What Happened at Snap Isn’t an Anomaly

Last Wednesday, this tweet suddenly appeared in my feed:


When I first read Shannon’s message, I didn’t know what she meant. While people are listening?

After a few seconds of scrolling I realized: she’d gone public.


Rewind to a few weeks back. Shannon and I were chatting in the kitchen at The Assembly, a space our team uses for work. The conversation ranged broadly and then she paused, “so tell me more about what you do.”

I mentioned I ran an organization that provides free, immediate, anonymous support via text for challenging work situations.

“Wow, I could have used something like that.”

Shannon shared a bit of her experience — that she’d been an engineer at Snap; that it was a toxic, sexist environment; that she’d decided to leave not just Snap, but likely engineering altogether. She was taking time to figure it out.

We ate lunch, discussed what fuels certain company cultures, and talked about some options for when people face tough work situations, including a few of the proactive steps she’d taken to address things internally.


Shannon’s experience is unfortunately all too common, not just in tech, but across many American industries. As Madeline Buxton succinctly wrote this week after Shannon’s internal email was picked up by Cheddar and a slew of outlets, “the problems Lubetich faced are not an anomaly — her email is just the one that got out.”


People face myriad toxic workplace situations across a broad spectrum including, but by no means limited to, bullying, microaggressions, power imbalances, harassment, unethical practices, gaslighting, and discrimination, to name a small subset. These situations are so prevalent, employees will almost certainly face at least one, if not a combination, while they’re in the workforce. What’s not certain is whether they’ll get the support they need to address these situations as they arise.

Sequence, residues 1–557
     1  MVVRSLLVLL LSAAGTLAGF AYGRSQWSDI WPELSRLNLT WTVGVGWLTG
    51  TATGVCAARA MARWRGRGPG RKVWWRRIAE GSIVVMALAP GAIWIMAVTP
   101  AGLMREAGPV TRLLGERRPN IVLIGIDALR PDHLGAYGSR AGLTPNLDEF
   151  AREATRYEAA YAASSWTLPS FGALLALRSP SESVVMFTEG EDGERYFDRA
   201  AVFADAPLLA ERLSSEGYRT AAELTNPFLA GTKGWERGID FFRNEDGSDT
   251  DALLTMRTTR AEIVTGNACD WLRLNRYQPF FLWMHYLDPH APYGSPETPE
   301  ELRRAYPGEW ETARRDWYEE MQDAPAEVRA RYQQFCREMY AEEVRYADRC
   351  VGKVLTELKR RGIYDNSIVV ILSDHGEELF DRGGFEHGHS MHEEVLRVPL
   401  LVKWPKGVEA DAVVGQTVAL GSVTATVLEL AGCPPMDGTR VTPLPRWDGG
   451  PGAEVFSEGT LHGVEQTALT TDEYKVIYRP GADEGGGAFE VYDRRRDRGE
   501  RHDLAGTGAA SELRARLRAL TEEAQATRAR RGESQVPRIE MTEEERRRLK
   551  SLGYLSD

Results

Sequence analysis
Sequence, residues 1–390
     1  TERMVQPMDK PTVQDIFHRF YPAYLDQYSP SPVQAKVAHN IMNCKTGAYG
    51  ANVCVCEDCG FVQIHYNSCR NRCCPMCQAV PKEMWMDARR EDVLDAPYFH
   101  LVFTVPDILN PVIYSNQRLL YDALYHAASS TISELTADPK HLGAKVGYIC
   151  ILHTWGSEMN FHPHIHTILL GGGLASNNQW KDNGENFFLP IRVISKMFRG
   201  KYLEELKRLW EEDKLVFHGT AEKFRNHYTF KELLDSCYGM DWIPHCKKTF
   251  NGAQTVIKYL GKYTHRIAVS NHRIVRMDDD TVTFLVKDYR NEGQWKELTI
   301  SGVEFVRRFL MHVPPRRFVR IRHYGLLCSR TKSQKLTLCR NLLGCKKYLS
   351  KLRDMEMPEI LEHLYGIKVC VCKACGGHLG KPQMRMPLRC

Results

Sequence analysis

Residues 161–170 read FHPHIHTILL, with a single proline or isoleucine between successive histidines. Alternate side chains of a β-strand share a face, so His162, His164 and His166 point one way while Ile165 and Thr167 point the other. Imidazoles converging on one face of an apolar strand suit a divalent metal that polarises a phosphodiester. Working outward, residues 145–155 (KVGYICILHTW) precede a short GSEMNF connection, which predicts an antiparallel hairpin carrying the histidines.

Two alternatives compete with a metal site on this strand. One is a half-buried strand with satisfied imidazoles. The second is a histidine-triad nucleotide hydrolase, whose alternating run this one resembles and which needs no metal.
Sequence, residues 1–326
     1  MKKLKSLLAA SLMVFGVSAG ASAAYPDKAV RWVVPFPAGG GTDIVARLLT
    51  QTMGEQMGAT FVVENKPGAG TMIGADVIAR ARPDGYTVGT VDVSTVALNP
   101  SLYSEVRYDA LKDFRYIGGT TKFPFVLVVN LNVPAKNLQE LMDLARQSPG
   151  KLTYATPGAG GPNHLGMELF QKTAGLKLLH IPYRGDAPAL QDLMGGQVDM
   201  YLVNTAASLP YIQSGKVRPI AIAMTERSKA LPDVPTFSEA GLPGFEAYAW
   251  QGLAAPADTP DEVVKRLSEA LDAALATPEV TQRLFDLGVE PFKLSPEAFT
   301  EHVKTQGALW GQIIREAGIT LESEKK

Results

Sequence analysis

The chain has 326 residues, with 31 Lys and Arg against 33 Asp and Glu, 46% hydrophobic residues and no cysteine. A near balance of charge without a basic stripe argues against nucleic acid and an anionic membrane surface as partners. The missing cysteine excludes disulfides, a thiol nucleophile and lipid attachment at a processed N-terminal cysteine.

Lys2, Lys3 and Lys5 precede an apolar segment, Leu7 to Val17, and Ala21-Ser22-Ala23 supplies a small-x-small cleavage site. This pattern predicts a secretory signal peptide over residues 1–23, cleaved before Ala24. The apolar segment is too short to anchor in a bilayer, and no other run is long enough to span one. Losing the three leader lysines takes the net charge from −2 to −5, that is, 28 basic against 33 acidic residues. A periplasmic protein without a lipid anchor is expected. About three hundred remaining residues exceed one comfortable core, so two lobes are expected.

In our research last year asking Americans about their experience at work, 80% of people indicated that a challenge they faced at work was “extremely difficult” and nearly 40% didn’t have someone to talk to about it.

In most of these situations, there are no clear, prescriptive solutions. No one size fits all. The challenges people encounter are deeply personal and contextual, impacted by identity, gender, race, socioeconomic status, education, differing abilities, and more. The steps they take to move forward — are personal and contextual as well. What feels right and empowering for one person in one situation could cause another to feel even more uncomfortable or vulnerable.

We need environments, teams, cultures, companies where employees can talk about their challenges, without judgement or fear of retaliation. We know that in addition to toxic work environments having a negative impact, employees feeling unheard or unsupported can disempower them and can negatively impact their career prospects and opportunities. This has far-reaching implications for the employee, as well as for the company.


When Shannon experienced toxic, sexist behavior, Shannon, she chose to take action directly with individuals and talk to HR. Ultimately, she decided to shine a light on the environment in her departure email with the hope that her workplace would commit to change. That decision was deeply personal. Her actions have sparked a discussion about toxic behavior in the workplace and, once again, thrust the issue into the limelight.

While people are listening…let’s make sure every person feels supported at work. No one facing a toxic work situation should feel alone. Every person deserves an accessible advocate to help them navigate a complex work situation, when they arise, in a way that feels true to them.

We know at Empower Work, one supportive conversation can make a significant difference. That’s why we’re here.